Camberis A.-L.,Macquarie University | McMahon C.A.,Macquarie University | Gibson F.L.,Macquarie University | Boivin J.,CardiffUniversity
Developmental Psychology | Year: 2014

In the context of the trend toward delayed parenthood, this study examines whether older maternal age is associated with greater psychological maturity and whether greater psychological maturity provides any adaptive benefit during the transition to motherhood. A sample of 240 predominantly Englishspeaking Australian women in a metropolitan area expecting their 1st baby (mean age = 32.81 years; 41% conceived after fertility treatment) completed measures of psychological maturity (hardiness, ego development, and ego resiliency) and pregnancy adaptation (maternal fetal attachment and formation of a maternal identity) in the 3rd trimester of pregnancy and a measure of postnatal adjustment at 4-6 months postpartum. Structural equation modeling showed age was positively associated with a latent construct of psychological maturity, and psychological maturity was associated with more optimal adaptation in pregnancy and early motherhood. Both psychological maturity and pregnancy adaptation predicted positive postnatal adjustment. Age was indirectly related to adaptation through its relationship with psychological maturity. The relationships in the model applied regardless of mode of conception (fertility treatment or spontaneous). Potentially confounding contextual factors associated with older age at motherhood, higher education, and maternal and child health were included in the model. These results suggest that psychological maturity is a benefit of motherhood at older ages. © 2014 American Psychological Association.

Treasure T.,University College London | Milosevic M.,University of Novi Sad | Fiorentino F.,Imperial College London | Macbeth F.,CardiffUniversity
Thorax | Year: 2014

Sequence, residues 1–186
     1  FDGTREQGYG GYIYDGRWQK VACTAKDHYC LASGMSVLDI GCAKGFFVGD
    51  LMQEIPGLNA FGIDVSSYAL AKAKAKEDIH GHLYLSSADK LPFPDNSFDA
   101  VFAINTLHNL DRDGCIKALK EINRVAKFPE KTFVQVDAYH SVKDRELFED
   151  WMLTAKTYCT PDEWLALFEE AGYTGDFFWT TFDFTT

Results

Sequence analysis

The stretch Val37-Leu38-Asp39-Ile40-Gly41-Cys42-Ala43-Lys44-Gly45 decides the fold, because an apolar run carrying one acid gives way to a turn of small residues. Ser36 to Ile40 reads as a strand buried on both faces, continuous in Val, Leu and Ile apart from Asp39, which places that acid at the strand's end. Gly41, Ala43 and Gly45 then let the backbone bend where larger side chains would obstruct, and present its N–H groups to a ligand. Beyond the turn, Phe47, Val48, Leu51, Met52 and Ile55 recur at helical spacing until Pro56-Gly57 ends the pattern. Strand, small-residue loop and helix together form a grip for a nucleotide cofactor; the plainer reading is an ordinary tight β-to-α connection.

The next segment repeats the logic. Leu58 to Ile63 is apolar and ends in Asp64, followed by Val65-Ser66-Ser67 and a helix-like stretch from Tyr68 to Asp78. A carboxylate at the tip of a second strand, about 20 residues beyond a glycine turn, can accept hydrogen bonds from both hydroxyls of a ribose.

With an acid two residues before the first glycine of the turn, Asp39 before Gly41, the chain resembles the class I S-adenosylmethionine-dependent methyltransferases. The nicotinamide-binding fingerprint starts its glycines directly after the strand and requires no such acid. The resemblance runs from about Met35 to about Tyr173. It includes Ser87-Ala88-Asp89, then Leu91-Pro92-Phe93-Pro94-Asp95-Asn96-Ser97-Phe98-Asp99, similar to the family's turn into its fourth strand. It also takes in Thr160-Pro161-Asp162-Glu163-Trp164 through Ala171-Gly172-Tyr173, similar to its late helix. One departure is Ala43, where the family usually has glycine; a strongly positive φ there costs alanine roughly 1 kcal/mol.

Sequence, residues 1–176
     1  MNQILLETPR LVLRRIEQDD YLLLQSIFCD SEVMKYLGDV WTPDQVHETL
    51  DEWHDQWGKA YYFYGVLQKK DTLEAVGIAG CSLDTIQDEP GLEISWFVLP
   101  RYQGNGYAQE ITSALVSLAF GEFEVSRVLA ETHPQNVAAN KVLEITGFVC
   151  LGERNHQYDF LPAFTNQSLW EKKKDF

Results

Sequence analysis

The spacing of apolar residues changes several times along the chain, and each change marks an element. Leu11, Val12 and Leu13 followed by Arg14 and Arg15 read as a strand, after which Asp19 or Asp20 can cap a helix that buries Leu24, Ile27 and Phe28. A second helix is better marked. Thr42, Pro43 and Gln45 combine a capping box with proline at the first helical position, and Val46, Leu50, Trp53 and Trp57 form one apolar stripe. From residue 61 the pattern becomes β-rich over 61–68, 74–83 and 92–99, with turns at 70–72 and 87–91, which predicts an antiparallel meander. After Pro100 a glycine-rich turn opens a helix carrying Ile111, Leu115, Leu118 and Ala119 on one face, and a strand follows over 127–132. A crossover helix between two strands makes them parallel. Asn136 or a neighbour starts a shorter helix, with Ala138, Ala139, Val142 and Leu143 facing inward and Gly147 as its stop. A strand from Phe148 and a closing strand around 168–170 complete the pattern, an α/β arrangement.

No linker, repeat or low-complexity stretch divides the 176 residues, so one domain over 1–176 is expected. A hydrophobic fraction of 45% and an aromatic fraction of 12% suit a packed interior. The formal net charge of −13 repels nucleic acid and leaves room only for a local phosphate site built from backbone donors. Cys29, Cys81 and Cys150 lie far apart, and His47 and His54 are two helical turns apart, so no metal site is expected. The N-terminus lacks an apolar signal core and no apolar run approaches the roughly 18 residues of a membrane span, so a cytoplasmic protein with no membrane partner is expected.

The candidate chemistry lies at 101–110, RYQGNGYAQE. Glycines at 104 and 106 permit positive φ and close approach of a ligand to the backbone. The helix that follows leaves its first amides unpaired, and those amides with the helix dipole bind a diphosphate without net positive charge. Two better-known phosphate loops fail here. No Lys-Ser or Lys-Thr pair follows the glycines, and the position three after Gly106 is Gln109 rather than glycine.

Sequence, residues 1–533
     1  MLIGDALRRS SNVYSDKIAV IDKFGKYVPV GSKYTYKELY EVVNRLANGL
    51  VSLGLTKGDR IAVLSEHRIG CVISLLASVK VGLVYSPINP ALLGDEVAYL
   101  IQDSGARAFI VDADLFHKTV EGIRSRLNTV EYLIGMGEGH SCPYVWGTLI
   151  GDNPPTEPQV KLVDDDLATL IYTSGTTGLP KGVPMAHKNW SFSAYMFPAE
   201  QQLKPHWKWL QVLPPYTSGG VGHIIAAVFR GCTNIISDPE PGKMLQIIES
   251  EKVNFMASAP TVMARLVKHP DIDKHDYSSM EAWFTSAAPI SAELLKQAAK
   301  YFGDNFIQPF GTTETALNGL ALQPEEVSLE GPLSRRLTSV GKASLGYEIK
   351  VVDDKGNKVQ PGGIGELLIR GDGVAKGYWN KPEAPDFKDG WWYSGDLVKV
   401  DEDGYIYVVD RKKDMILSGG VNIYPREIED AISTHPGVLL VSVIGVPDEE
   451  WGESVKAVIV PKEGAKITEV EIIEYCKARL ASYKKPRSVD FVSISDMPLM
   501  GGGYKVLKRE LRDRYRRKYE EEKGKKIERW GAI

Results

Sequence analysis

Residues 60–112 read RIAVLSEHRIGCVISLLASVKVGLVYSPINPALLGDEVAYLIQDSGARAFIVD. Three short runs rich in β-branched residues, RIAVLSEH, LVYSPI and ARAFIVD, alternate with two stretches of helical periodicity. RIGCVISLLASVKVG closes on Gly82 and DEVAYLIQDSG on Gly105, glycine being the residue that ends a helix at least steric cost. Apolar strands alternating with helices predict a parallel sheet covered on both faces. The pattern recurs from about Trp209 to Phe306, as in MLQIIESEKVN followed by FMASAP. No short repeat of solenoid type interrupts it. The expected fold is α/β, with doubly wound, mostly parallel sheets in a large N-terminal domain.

Pulmonary metastasectomy is a commonly performed operation and is tending to increase as part of a concept of personalised treatment for advanced cancer. There have been no randomised trials; belief in effectiveness of metastasectomy is based on registry data and surgical follow-up studies. These retrospective series are comprised predominately of solitary or few metastases with primary resection to metastasectomy intervals longer than 2-3 years. Five-year survival rates of 30-50% are recorded, but as case selection is based on favourable prognostic features, an apparent association between metastasectomy and survival cannot be interpreted as causation. Cancers for which lung metastasectomy is used are considered in four pathological groups. In non-seminomatous germ cell tumour, for which chemotherapy is highly effective, excision of residual pulmonary disease guides future treatment and in particular allows an informed decisions as to further chemotherapy. Sarcoma metastasises predominately to lung and pulmonary metastasectomy for both bone and soft tissues sarcoma is routinely considered as a treatment option but without randomised data. The commonest circumstance for lung and liver metastasectomy is colorectal cancer. Repeated resections and ablations are commonplace but without evidence of effectiveness for either. For melanoma, results are particularly poor, but lung metastases are resected when no other treatment options are available. In this review, the available evidence is considered and the conclusion reached is that in the absence of randomised trials there is uncertainty about effectiveness. A randomised controlled trial, Pulmonary Metastasectomy in Colorectal Cancer (PulMiCC), is in progress and randomised trials in sarcoma seem warranted. © 2014 BMJ Publishing Group Ltd & British Thoracic Society.